Sun protection swimwear is a special type of swimwear specifically designed to keep potentially harmful UV radiation from the sun away from your skin. The sun’s UV radiation can cause skin cancer and other skin issues. Sun protective swimwear with a high UPF provides a better UV radiation protection for your skin.
Sun Protection Swimwear Helps To Prevent Skin Cancer
It is important for you to make it a habit to wear sun protection swimwear whenever you are out swimming at the beach, the pool, or any other outdoor swimming area. Sun protection swimwear is specifically designed to keep your skin protected from the ultraviolet radiation of the sun. It is a better form UV protection than sunscreen alone because you do not have to reapply it every few hours, it does not wash off, and it continues to protect your skin from the sun’s potentially harmful UV rays for as long as you wear it on your body. The primary cause of skin cancer is UV radiation from the sun. The Skin Cancer Foundation recommends that you always wear sun safe swimwear that has a UPF (ultraviolet protection factor) of 30 or higher.
Sun protection swimwear covers as much of your skin a possible. It is usually designed to fit snugly although not quite as snug as your actually swimwear. It is made from a fabric that is tightly woven and it helps to keep your skin protected from UVR (ultraviolet rays) from the sun. When you are deciding which type of sun protective swimwear to purchase, you want to pay attention to the UPF of the swimwear you are considering. The UPF is what measures the garment’s level of protection against the sun’s UVR (ultraviolet radiation), and the highest level of UPF available on the market today is UPF 50.
Different Types of Sun Protection Swimwear
While many people who go swimming outdoors tend to wear nothing more than a bathing suit, even when they are not in the water, a number of studies have revealed that sun safe clothing, like UV protection swim shirts, are the #1 most significant factor when it comes to protecting your skin from the potentially harmful UV rays of the sun. A lot of skin cancer experts advise people who are swimming outside to keep as much skin covered as possible at all times when you are not in the water.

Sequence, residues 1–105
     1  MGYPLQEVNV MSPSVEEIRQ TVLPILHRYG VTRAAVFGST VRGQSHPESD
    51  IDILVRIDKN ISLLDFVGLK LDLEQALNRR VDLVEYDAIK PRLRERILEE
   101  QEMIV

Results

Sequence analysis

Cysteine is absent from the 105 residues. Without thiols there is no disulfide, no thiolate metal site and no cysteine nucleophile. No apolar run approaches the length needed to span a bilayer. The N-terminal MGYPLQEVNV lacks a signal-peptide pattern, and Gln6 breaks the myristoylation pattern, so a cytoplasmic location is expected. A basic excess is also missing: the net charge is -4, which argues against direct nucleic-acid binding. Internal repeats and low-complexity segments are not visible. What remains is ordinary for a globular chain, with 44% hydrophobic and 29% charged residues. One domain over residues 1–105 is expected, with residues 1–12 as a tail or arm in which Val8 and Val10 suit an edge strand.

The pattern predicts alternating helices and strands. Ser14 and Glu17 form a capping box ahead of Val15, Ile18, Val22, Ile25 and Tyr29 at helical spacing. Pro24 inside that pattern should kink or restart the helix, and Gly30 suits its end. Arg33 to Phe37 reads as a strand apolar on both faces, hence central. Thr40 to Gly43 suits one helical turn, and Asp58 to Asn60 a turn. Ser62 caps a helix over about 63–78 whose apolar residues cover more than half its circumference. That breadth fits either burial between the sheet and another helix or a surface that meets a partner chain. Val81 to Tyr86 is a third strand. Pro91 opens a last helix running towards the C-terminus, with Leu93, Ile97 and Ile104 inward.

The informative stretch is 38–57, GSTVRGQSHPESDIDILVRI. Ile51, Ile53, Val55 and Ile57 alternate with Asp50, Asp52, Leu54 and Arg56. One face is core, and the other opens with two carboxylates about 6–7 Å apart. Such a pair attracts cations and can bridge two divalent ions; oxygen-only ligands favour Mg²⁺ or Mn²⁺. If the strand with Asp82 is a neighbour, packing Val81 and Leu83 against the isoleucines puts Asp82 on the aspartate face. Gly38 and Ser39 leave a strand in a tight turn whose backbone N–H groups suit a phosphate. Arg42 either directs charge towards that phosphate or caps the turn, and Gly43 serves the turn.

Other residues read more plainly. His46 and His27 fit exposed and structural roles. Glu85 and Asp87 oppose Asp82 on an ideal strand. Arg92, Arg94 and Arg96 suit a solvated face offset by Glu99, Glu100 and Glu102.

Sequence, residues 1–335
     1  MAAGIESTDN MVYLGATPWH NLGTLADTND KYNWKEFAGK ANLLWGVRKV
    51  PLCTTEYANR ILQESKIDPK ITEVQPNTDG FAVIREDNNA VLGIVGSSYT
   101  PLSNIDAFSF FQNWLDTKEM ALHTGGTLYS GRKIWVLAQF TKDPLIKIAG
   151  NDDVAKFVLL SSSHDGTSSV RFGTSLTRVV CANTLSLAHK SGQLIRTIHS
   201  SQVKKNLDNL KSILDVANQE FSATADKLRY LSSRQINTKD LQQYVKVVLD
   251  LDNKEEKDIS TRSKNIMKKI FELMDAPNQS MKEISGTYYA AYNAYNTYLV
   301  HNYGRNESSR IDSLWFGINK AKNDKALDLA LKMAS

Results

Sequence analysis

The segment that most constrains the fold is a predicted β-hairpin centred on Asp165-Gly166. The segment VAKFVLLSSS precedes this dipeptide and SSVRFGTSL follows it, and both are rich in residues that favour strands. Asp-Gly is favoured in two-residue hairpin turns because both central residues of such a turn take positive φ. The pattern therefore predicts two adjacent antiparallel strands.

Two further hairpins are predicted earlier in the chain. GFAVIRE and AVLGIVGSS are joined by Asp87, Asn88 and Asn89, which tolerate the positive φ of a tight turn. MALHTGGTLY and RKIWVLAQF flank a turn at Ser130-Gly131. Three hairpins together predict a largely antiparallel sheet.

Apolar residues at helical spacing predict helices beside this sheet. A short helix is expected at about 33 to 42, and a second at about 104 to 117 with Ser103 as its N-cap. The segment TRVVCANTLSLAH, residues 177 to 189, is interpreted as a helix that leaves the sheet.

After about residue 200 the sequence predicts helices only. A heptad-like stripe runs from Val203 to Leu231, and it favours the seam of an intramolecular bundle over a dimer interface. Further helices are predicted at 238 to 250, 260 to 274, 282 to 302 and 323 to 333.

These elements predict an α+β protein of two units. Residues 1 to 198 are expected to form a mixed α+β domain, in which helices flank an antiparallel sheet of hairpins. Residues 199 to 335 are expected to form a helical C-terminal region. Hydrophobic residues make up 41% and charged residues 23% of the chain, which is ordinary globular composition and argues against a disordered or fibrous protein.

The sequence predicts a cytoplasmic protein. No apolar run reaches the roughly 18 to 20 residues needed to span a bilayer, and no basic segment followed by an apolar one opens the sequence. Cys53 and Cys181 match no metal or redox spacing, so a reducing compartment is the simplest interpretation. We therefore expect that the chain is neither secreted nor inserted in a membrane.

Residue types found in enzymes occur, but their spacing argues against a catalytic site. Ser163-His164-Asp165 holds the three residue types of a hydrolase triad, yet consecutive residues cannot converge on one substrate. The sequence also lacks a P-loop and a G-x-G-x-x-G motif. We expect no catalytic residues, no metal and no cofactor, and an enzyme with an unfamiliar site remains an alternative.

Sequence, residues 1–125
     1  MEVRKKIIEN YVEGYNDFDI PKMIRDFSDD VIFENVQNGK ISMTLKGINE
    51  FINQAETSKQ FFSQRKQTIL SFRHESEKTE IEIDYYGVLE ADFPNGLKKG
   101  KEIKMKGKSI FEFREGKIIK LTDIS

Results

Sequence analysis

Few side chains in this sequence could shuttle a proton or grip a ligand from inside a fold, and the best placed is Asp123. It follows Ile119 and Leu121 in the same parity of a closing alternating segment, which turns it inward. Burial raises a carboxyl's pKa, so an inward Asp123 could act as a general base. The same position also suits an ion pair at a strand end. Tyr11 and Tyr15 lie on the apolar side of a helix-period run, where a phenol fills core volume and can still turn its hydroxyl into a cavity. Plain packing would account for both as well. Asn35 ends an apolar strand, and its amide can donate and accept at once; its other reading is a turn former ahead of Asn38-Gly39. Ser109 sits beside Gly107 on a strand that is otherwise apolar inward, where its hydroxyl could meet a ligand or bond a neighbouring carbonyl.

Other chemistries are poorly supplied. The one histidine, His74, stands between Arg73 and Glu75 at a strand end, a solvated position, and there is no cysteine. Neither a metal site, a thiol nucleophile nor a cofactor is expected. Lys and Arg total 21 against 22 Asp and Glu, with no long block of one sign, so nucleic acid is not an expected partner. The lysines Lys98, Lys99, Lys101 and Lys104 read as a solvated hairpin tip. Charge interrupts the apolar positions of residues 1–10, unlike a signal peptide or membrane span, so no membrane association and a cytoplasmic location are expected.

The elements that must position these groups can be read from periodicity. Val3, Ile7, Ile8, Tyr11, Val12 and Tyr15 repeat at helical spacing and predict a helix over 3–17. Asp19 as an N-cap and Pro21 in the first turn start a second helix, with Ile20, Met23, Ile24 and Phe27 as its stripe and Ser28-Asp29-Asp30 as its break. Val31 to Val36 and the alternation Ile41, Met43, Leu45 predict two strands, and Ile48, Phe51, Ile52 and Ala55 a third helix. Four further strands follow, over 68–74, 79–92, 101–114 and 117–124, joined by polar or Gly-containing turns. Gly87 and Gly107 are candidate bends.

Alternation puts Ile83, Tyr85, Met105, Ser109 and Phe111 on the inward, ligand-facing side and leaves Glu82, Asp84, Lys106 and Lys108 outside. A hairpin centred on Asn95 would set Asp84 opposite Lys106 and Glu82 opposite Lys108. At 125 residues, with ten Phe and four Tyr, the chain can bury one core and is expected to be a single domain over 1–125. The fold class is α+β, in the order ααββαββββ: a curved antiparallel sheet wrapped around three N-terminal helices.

Sun protection swimwear is identifiable by a special label called a UPF label. The UPF label is the indicator of exactly how much UV radiation from the sun is able to penetrate the garment’s material. Sun protective swimwear that has a UPF of 30 on its label will only permit 1/30th of the sun’s UV radiation to penetrate its material. Sun protection swimwear is highly recommended for swimmers, surfers and anyone who spends a significant amount of time outside in and/or near the water. Sun protection swimwear can be sport-specific and it is most often made from both synthetic as well as semi-synthetic materials such as Lycra and/or nylon. Some of the sun protective swimwear made from these fabrics can include (but are not limited to) sun protection swim shirts, rash guards and certain types of wetsuits.
When you are deciding on the types of sun protection swimwear or other clothing to purchase, you should make it a point to choose garments that are darker in color over those that are pastel or very lightly colored. This is important because sun protective swimwear in pastels and very light colors do not provide as much swimwear sun protection as those that are darker in color. In addition, you should select the sun protective swimwear garments that are made from more tightly woven fabrics because they are a lot better at keeping UV radiation from the sun away from your skin.
Sun Protection Swimwear Tips
These are a few other tips that you should keep in mind whenever you are out swimming in the sun. You should always apply sunscreen with an SPF of 30 or higher on every area of your skin that is exposed and/or not covered by sun protection swimwear or clothing. Being outside in the sunlight between the hours of 10:00 am and 4:00pm will put you at the highest risk because the UV radiation from the sun is at its highest during this time of the day.
If you experience problems getting in and out of your suit, or if it causes chafed skin, just apply pjuractive 2SKIN and you will be fine both slipping in and out quickly, and prevent chafing!
The risk of skin cancer is a very real one. You should always remember to be mindful of the amount of time you spend outside in the sun. You only need around 15–20 minutes of exposure to sunlight in order for your skin to absorb a sufficient amount of Vitamin D, although if you have darker skin pigmentation, you may need up to an hour of sunlight exposure. The vast majority of people spend a lot more time out in the sun than they should. In order to reduce the risk of skin cancer as well as a number of other types of potential skin damage, they should be sure to keep all areas of their skin covered up with sun protection swimwear or other clothing at all times.
Do you protect yourself properly from the sun? How? What problems do you face when trying to? Please explain in the comments below!